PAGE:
THE AUTISTIC LIFE 303
can only jar us by its disharmony and by its violent self-assertion, which we call bad taste. The best architecture is that which loses itself in the natural landscape and becomes one with it, belongs to it. This principle has guided all forms of Chinese architecture, from the * camel-back bridge to the pagoda, the temple and the little open pavilion on the edge of a pond. Its lines should soothe but not obtrude. Its roofs should nestle quietly beneath the kind shade of trees and soft boughs should gently brush its brow. The Chinese roof does not shout out loud and does not point its fingers at heaven. It only shows peace and bows in modesty before the firmament. It is a sign of the place where we tiumans live, and it suggests a certain amount of decency by covering up our human habitations. For we always remember to put a roof on all our houses, and do not allow them to stare at heaven in their unashamed nakedness like modern concrete buildings.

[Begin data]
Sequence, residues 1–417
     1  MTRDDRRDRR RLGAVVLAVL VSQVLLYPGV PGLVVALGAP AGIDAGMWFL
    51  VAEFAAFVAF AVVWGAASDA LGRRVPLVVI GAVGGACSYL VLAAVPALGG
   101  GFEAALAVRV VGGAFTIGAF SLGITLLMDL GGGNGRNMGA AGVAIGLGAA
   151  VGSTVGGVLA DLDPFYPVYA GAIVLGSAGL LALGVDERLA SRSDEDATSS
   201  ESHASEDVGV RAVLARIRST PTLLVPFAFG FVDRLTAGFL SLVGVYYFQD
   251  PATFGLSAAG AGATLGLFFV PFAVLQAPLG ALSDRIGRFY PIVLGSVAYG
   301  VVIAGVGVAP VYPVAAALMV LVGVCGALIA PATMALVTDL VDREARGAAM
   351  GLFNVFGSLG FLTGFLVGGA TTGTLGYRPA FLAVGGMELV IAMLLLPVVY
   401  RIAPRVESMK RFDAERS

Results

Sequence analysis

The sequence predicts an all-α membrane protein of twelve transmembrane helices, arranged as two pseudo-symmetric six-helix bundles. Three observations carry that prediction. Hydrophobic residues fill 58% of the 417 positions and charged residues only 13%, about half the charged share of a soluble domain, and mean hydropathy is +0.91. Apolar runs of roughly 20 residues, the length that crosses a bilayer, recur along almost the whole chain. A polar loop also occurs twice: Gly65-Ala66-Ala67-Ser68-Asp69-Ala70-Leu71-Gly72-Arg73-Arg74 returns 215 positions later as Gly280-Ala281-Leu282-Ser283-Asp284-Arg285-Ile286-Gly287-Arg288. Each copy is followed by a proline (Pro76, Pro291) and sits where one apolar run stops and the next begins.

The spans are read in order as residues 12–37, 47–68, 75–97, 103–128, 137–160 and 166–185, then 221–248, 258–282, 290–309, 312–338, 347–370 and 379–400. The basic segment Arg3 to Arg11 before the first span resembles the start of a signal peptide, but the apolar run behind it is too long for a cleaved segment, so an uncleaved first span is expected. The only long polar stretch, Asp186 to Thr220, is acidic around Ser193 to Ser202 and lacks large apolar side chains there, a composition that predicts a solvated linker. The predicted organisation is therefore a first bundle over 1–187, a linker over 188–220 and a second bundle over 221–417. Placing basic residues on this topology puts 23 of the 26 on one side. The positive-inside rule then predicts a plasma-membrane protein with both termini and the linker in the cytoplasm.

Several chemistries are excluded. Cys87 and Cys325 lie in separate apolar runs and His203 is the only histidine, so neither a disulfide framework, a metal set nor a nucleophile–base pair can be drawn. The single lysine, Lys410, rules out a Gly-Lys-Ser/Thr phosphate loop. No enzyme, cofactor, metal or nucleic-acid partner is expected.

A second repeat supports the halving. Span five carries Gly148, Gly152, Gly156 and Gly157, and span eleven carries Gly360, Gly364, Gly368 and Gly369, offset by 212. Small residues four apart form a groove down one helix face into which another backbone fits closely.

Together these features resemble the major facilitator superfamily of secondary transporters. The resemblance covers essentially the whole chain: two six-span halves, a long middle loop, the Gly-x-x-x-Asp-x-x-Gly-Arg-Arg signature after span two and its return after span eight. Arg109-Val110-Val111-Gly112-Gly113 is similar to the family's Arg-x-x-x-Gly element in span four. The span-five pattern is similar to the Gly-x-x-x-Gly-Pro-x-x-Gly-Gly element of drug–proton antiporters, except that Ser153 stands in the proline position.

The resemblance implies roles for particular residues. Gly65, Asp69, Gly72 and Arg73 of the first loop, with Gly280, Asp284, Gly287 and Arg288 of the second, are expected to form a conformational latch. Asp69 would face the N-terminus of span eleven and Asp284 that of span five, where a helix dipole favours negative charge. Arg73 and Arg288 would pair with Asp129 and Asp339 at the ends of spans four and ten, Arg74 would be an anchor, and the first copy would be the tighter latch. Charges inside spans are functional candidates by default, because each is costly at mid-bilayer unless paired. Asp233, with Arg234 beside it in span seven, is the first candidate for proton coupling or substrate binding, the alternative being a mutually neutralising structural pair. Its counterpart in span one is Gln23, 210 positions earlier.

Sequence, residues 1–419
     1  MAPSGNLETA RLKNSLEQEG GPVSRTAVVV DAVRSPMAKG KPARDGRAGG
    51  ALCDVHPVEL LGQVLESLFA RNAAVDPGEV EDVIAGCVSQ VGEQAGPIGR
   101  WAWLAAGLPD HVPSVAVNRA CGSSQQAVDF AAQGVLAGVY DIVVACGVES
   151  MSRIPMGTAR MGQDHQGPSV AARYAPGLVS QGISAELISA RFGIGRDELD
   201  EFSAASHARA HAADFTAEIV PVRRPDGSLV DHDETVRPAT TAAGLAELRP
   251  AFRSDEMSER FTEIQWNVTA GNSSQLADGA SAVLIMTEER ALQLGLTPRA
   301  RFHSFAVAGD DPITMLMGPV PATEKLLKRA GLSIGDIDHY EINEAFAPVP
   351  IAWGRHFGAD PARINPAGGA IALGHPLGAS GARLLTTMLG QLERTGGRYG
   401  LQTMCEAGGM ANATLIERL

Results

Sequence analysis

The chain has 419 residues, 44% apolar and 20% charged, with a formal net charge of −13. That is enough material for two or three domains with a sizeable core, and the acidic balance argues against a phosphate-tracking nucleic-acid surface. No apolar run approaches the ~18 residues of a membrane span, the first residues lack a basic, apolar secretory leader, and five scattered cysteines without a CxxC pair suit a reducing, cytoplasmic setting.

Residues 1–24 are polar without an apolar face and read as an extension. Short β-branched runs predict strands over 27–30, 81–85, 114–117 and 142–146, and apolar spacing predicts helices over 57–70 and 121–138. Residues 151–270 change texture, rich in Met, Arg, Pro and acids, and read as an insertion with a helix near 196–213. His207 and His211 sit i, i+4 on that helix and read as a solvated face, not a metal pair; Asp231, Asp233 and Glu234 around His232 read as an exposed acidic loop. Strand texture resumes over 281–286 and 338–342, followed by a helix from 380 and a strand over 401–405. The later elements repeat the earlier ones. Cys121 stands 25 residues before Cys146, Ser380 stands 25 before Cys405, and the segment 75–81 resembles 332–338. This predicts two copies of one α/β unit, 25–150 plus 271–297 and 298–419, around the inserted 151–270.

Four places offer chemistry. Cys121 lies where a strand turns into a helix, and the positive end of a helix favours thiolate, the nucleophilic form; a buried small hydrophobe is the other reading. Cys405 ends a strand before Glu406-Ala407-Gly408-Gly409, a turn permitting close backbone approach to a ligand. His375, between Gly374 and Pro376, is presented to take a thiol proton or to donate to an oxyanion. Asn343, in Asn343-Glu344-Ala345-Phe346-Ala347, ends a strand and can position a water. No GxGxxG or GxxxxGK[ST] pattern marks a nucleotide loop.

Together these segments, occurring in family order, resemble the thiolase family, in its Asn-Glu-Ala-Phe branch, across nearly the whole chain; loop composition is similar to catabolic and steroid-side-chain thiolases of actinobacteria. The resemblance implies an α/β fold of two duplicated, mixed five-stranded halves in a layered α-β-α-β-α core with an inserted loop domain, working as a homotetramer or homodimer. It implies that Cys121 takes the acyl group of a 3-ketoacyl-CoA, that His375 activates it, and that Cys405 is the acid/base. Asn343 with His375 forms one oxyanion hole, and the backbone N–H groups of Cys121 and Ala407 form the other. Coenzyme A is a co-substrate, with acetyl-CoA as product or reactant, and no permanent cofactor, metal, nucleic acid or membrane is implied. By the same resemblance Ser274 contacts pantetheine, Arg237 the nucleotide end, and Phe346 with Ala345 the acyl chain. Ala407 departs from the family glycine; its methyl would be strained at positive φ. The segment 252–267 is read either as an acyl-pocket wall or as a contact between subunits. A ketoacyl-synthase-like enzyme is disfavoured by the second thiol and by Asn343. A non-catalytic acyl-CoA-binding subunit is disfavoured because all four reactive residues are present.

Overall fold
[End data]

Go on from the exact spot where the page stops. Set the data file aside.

The best architecture' is that in which we are not made to feel where nature ends and where art begins. For this, the use of'Colour is of supreme importance. The terra-cotta walls of the Chinese temple merge harmoniously into the purple of the mountain sides, and its glazed roofs, laid in green, Prussian blue, purple or golden yellow, mingle with the red autumn leaves and the blue sky to give us a harmonious whole. And we stand and look at it from a distance and call it beautiful*